and fascinating and brings the social themes to life.”
WaPo: “Teachers are integrating dance, drama and visual arts to teach academic subjects in a more engaging way. Supporters of the strategy say it reaches students who might not absorb typical classroom methods.
“Some kids struggle with abstract math. Telling stories can engage children emotionally. They have more imagination than adult acting students.”
“Participation in the arts can reduce achievement gaps.”
ArtReach’s Treasure Island picks kids. TI Treasure Island at the Rose Theatre
ArtReach Treasure Island, Eugene, Oregon
From the NAC: “Students with arts-rich experiences at school do better academically and are more active and engaged than their classmates, voting, volunteering and engaging.
“Children and teenagers in disadvantaged social and economic situations with a strong commitment to the arts performed better than their peers. In middle school, high school, and beyond, they do better academically and civically than at-risk teens without artistic backgrounds. These include grades, test scores, honor society membership, high school graduation, college enrollment and achievement, volunteerism, and school or local politics.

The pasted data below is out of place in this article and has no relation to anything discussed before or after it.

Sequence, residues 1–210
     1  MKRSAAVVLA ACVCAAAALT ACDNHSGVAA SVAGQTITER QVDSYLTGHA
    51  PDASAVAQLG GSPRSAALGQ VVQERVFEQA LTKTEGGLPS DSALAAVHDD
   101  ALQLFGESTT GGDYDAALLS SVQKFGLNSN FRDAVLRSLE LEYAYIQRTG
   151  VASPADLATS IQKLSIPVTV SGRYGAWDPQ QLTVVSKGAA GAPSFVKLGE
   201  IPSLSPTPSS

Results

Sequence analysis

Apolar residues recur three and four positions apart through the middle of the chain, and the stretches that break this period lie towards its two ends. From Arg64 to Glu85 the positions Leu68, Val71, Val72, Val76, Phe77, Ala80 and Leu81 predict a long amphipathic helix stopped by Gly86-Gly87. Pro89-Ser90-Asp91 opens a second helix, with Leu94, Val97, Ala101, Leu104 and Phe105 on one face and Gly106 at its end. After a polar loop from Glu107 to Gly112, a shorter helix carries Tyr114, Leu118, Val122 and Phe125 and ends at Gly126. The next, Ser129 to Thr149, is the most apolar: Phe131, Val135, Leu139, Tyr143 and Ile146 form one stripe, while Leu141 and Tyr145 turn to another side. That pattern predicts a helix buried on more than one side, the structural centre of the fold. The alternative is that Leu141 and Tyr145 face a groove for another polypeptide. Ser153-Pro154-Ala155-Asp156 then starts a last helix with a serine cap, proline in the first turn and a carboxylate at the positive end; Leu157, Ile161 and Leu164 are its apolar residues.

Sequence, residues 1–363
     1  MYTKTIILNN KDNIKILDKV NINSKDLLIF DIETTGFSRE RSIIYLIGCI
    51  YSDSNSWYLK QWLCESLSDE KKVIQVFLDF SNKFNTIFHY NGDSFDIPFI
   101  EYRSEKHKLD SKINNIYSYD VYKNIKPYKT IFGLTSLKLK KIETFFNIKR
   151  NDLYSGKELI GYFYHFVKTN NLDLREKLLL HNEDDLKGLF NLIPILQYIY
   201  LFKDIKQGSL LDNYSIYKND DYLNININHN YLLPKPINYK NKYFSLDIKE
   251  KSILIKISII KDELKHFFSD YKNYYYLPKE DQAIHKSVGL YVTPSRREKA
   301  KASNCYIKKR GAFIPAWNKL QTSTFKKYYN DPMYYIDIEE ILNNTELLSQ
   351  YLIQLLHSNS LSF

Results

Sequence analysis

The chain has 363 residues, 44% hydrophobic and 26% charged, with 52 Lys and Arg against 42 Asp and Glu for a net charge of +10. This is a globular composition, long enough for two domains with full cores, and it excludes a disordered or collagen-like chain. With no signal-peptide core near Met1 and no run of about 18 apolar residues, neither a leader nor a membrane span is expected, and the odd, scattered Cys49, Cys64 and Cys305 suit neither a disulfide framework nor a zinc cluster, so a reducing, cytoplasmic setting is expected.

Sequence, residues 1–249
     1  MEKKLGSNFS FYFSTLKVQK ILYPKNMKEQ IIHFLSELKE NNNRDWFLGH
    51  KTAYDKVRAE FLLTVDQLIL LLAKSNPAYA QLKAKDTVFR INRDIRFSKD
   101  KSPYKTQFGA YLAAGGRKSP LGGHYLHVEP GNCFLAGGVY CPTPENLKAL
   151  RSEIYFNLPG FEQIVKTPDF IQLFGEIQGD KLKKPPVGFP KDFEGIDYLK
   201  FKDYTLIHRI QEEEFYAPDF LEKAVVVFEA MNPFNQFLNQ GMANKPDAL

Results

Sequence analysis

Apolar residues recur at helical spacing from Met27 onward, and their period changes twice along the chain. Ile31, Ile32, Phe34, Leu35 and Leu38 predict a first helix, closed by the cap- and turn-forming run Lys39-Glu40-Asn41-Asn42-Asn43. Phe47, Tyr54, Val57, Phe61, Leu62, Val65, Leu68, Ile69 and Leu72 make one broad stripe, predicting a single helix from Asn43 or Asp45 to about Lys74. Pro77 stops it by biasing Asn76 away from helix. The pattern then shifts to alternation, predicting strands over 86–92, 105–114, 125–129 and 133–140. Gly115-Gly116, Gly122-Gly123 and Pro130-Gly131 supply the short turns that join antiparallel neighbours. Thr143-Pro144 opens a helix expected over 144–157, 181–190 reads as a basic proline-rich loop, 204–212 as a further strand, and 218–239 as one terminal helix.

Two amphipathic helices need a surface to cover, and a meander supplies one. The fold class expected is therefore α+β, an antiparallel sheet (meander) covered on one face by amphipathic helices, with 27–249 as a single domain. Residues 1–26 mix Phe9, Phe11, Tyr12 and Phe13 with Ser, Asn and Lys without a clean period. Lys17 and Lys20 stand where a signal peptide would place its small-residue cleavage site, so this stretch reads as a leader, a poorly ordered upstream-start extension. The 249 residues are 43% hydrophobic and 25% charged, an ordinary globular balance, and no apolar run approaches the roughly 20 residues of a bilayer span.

“At-risk teenagers or arts-intensive young adults score at or above the population average. In-school or extracurricular arts activities can help close the achievement gap among children, according to these data.”
Americansforthearts.org: “In 2014, students who took four years of arts and music in high school scored 96 points higher on the SAT than those who took half a year or less.
“The College Board recommends arts standards for high school curriculum, graduation, and college admissions.
Students with four years of art and music education scored an average of 523 on the writing test, 57 points better than those with half a year or less.